ABU DHABI // The country is facing a long-term water crisis and students at the Higher Colleges of Technology are being asked to lead the effort to solve it.
Sheikh Nahyan bin Mubarak, HCT's Chancellor and the Minister of Higher Education and Scientific Research, has told them: "It is imperative that we develop strategies to address the issue of access and availability of water in the region.
"The 21st century is shaping up as the century of water conflicts and challenges."
The minister said population increases, rapid urbanisation, expanded industry and agriculture, pollution of water resources and climate change, all contribute to the water crisis in the region.
"Our vibrant economy, our tremendous growth and our advanced quality of life are dependent on safe and uninterrupted sources of water, now and in the future," he said.
Sheikh Nahyan was speaking on Monday at a conference called The Coming Water Challenge in the Region: Analysis, Solutions, Actions, between HCT and the St Gallen Symposium from Switzerland.
Speaking of the possibility of collaboration with the Swiss, he said: "I am very optimistic about the potential and possibilities for international co-operation on these issues that directly threaten our way of life."
The UAE relies on desalination for more than 90 per cent of its water - a source vulnerable to sea pollution and a cause of pollution itself because of the energy used.
Abdullah al Mazourei, deputy director of the national energy and water research centre, said about 60 per cent of the UAE's water is used for agriculture, with 30 per cent for domestic use and the rest for industry and commercial use.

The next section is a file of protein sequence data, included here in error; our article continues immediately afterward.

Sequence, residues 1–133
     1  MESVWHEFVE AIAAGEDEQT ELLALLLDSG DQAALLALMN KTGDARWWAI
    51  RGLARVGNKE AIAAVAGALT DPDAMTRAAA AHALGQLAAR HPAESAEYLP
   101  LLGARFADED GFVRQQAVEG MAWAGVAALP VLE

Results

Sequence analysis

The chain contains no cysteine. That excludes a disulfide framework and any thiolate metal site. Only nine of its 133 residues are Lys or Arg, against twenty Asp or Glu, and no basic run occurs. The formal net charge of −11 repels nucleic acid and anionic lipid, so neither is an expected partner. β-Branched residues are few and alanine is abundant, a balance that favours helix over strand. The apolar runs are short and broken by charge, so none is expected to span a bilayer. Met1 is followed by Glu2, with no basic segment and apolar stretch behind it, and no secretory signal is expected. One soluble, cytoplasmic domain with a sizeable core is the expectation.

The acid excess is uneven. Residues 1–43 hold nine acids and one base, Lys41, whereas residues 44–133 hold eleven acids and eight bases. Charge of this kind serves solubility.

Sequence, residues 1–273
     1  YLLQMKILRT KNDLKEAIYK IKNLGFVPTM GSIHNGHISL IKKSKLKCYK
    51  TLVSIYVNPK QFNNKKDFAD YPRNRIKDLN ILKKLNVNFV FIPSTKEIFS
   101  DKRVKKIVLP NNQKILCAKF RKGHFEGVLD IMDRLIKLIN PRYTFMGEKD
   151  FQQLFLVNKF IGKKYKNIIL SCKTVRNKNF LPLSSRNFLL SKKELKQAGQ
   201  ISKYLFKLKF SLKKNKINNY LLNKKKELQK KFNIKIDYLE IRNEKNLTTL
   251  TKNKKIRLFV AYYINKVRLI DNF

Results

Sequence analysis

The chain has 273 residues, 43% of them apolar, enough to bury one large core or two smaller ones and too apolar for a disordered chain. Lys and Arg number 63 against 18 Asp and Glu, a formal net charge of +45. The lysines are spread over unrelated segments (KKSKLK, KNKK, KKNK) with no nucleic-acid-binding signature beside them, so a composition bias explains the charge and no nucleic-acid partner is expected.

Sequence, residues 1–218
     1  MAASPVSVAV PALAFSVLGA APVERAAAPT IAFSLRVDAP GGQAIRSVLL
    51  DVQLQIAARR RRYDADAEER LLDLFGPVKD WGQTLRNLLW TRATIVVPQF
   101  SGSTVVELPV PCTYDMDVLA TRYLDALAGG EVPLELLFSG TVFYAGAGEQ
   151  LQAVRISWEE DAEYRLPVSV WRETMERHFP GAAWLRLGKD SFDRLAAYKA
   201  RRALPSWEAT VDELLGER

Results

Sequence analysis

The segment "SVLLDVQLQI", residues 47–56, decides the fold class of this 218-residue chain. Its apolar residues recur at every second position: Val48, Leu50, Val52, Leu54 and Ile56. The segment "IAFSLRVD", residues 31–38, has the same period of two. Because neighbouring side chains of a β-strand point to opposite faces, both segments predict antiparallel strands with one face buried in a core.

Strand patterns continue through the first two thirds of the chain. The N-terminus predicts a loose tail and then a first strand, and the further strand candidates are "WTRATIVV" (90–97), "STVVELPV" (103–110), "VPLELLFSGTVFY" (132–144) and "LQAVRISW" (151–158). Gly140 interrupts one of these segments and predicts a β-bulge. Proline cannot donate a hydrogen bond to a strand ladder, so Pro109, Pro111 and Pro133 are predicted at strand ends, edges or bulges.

Last month, the Government announced that a nationwide plan is needed to increase the amount of water held in back-up reservoirs.
The Ministry of Environment and Water and the Environment Agency-Abu Dhabi (EAD) have been instructed to make the issue a top priority. Aquifer recharge, a process in which water is pumped deep underground to replenish aquifers that have existed for thousands of years, has been identified as the best option.
Razan Khalifa al Mubarak, assistant secretary general at EAD, said students were a target audience for the issue of water in the UAE and the region, the people Sheikh Nahyan called "the next generation of leaders with these important global issues".
"This is not only a major challenge to the UAE but in the GCC and our neighbouring Arab countries," she said. "The problem isn't going away."
EAD are installing water-saving devices in homes, schools and mosques in the emirate, free of charge. Anf Ziadat, from HCT's civil engineering department, said water and the environment were becoming top of the agenda in the curriculum.
"From the beginning, the students learn about water resources and water supply," he said.
Ali al Maysari, 27, who is in his final year of civil engineering, said: "Water is a big problem. We rely on desalination plants, the aquifers are drying up or are too salty and we don't have any other supply of water than the sea."